Responsibilities
(1) Manage and lead Market and Product marketing team
(2) Serve as regional leadership of strategy & planning
(3) Develop strategic briefs for assigned products for the development of National and Regional plans
Required Skills
(4) Minimum of 5 years of developing strategic marketing plans
(5) Strong ability to quickly and concisely build influential business cases
(6) Strong presentation development skills and the ability to give highly influential presentations
(7) Proven ability to quickly bring new programs/tactics to implementation often with incomplete and imperfect information
(8) Proven ability to lead others often without formal authority
A quick narrative means of addressing these items would be as follows. (Note that the parentheses indicate how the narrative addresses job requirements.)
I have been in marketing for over nine years, the last six (4) as Associate Director of Marketing at Bozo’s (1) where I was tasked with the job of producing briefs (3) and executive summaries for marketing initiatives. I learned a subtle leadership style to aid in those times when I had coordinate activities of employees who did not report to me. (8) I participated in all strategic planning events (2) for regional and national campaigns, typically as the primary spokesperson in presentations used to influence (5) other divisions to quickly adopt proposed tactics (7) for marketing assigned products. (3)
The "Here's-What-I-Do" part can be more than a paragraph and is the place that you leverage not only the requirements listed on the job, but additional skill sets you have such as writing a blog or being the Jenga champion of your unit or the technology skills that you have that might be unusual for someone in your position.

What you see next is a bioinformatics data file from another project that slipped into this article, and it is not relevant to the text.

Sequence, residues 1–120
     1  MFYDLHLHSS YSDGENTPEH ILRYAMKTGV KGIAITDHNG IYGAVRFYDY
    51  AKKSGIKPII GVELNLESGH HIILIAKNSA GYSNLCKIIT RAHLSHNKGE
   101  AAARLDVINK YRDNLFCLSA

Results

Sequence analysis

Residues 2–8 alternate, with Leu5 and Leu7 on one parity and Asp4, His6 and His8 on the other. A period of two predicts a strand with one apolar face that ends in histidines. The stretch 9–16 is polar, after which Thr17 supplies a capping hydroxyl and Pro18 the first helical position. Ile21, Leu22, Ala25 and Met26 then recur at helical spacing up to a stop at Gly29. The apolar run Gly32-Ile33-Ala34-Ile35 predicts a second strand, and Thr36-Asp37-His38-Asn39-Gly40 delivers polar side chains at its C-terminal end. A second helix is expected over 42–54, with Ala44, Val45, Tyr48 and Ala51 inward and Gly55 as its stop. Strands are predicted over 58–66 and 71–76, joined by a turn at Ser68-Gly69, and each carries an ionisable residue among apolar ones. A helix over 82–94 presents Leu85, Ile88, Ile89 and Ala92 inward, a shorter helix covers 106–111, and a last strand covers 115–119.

Last minute thoughts.

Length - Yes, it is true that concision is valued more than articulation, but short is over-rated. I don't think that a full page cover letter is unreasonable and there may be call to move to a second page. If you are considering a third page, you have gone too far... way too far.

Tone - Business. Strictly business. Please do not start a cover letter with "Hi!" and close with a simple "Very truly yours" or "Sincerely."

Contact information - You can do it anyway you wish, but I always include full mail address, email, and phone number after my name under my signature.

To whom - If you know exactly who is getting the letter, then start it, "Dear Ms. Smith." If you are unsure, I would recommend "Dear selection committee" or "Dear Hiring Manager." No to "Dear Sir or Madame" or "To whom it may concern."

Arranging contact - Just above, I told you how to leave your contact information. Under no circumstances should you end a letter with the following. "Thank you for reviewing my resume. I will be contacting you in the next few days to discuss this position." Well, you can write that if you don't want the job. You left your contact information. They are grown-ups. They can figure it out.

Paper, ink, etc. - You might use this information for resumes and CV's, too. Do not buy extra fancy cotton bond paper with the elegant pieces of linen in the paper. Nobody cares. Often, the HR clerk will make ten copies of your resume and cover letter on really cheap institutional copy paper and send it to hiring managers. A plain 20 lb. 92 bright copy paper will do.

Email - Sure. Why not. If the application process is emailing your resume as an attachment, then attach the cover letter as well. I would also copy the cover letter as the body of the email.

In the final analysis, a cover letter will convey who you are much more personally than a resume or CV. That can work for you or against you. Your letter should strike a balance between being professional communication that allows a prospective a window on your personal style in the workplace.

PS. To my East Coast Idea Manager. Does this help?

2 comments: